It is not a secret anymore that consumers want everything to be delivered to them as quickly as possible. The growth in Quick Commerce shows that retailers do not have many options: they either have to be the fastest or provide a very special, luxury service. This is having an effect on where goods are going and how logistics fulfil them. During Home Delivery Europe our editor Nick Bozhilov took part in a panel on the future of urban warehousing and micro-fulfilment centres. Nick was joined by Jos Miermans, Business Partner, etheclo; Evgeny Knafel, Co-CEO, Cleanbox Ltd; Lu Zheng, Transformation – Warehousing & Distribution Automation, Philips.
‘The market is still trying to come up with a clear identification of what MFC is and each segment has a somewhat different vision,’ began Evgeny when asked how organisations can define micro-fulfilment centres and micro-hubs. One of the prevalent views is that such centres are a logistics and business solution that enables efficient multimodal last mile consolidation and distribution and at the same time offloading (or maybe even making absent) centristic hub-focused distribution models. It brings all of the fency concepts of just–in-time, lean and so on to the consumer. It gives the suppliers (e-commerce, retailers, service providers) an opportunity to create value in the last mile by allowing a more efficient and consolidated delivery to the end user.
Jos agreed on that point saying that MFCs can be an ideal consolidation point for the last mile. Lu looked specifically at how large organisations like Phillips can leverage last mile inventory stock points to serve the growing e-commerce biz. ‘From a balance of cost vs Lead Time tradeoff, it’s also interesting to play with segmentation / commercial pricing on e-commerce product SKUs with standard retail SKUs,’ he went on saying.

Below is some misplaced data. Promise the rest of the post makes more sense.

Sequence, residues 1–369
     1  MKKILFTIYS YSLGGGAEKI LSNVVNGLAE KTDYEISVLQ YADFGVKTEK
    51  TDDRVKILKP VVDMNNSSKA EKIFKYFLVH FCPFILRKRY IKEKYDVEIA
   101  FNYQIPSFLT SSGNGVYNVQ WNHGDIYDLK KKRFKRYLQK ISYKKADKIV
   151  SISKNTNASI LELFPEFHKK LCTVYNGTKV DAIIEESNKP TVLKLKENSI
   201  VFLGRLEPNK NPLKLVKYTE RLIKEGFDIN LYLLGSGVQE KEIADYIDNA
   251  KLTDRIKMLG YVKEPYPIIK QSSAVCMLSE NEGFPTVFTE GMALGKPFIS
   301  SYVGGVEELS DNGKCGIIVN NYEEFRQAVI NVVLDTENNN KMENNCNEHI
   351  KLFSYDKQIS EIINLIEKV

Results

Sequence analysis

The perfect amount
‘It is difficult to say what is the perfect amount of MFC,’ explained Jos. MFC could and should allow consolidation of the final delivery and in that way decrease the number of movements in the city. ‘They will also allow for greener deliveries and calm down some groups that are annoyed by delivery vans.’
Lu agreed it is hard to find the right amount maybe because consumer habits and behaviour is changing all the time. ONe of the benefits of MFCs however is the flexibility they provide that could enable faster response when consumers pivot.
‘I’d define that an MFC should be located at a 5-30 minutes drive from every potential customer,’ said Evgeny. In the model his company uses, which is more customer centric, MFCs should be 300-500 metres apart (depending on the geography but roughly 1 MFC per 10,000 habitats).
How MFCs are replenished depends on multiple factors. For Lu one of them is the overall model of sustainability and how each organisation defines it. ESG factors should also be included. Evgeny looks through a different lens where suppliers drop off their goods at a specific point which then serves as a hub area for the MFCs.
For Jos MFCs will be reached by a variety of vehicles. This could include not just EVs and cargo bikes but also robots and drones. Unconventional ways should be explored, according to the people on the panel. For cities with waterways Jos also looks at how boats can be used.
One of the benefits of MFCs is that they can have a model of shared ownership. ‘I believe there should be several platforms that allow different types of SLAs, services, special requirements and are shared by multiple players. Municipalities should provide access to infrastructure (zoning, conversions of usages, public areas) and by this improving the environmental impact and improving service to citizens,’ summarised Evgeny.
Having one builder and getting them to do the full Engineering, Design, Procurement & Maintenance will be theoretically cost effective for users (companies) with the desire to have MFCs. On the other hand, the one builder and operator will be the biggest benefactor out of this model.